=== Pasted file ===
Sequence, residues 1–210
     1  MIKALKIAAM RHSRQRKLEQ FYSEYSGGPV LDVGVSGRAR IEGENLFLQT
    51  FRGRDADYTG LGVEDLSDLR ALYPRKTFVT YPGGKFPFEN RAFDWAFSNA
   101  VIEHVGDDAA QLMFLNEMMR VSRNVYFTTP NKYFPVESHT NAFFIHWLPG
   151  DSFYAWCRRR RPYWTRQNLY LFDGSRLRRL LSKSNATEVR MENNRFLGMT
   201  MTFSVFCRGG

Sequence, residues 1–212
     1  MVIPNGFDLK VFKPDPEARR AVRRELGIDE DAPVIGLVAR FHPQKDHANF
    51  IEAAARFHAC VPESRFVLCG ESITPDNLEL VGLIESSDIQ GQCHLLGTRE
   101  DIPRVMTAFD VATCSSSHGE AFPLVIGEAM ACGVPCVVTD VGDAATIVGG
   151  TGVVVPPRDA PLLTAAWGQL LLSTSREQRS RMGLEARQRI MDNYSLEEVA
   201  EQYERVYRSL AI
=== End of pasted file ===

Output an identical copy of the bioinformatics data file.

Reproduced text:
Sequence, residues 1–210
     1  MIKALKIAAM RHSRQRKLEQ FYSEYSGGPV LDVGVSGRAR IEGENLFLQT
    51  FRGRDADYTG LGVEDLSDLR ALYPRKTFVT YPGGKFPFEN RAFDWAFSNA
   101  VIEHVGDDAA QLMFLNEMMR VSRNVYFTTP NKYFPVESHT NAFFIHWLPG
   151  DSFYAWCRRR RPYWTRQNLY LFDGSRLRRL LSKSNATEVR MENNRFLGMT
   201  MTFSVFCRGG

Sequence, residues 1–212
     1  MVIPNGFDLK VFKPDPEARR AVRRELGIDE DAPVIGLVAR FHPQKDHANF
    51  IEAAARFHAC VPESRFVLCG ESITPDNLEL VGLIESSDIQ GQCHLLGTRE
   101  DIPRVMTAFD VATCSSSHGE AFPLVIGEAM ACGVPCVVTD VGDAATIVGG
   151  TGVVVPPRDA PLLTAAWGQL LLSTSREQRS RMGLEARQRI MDNYSLEEVA
   201  EQYERVYRSL AI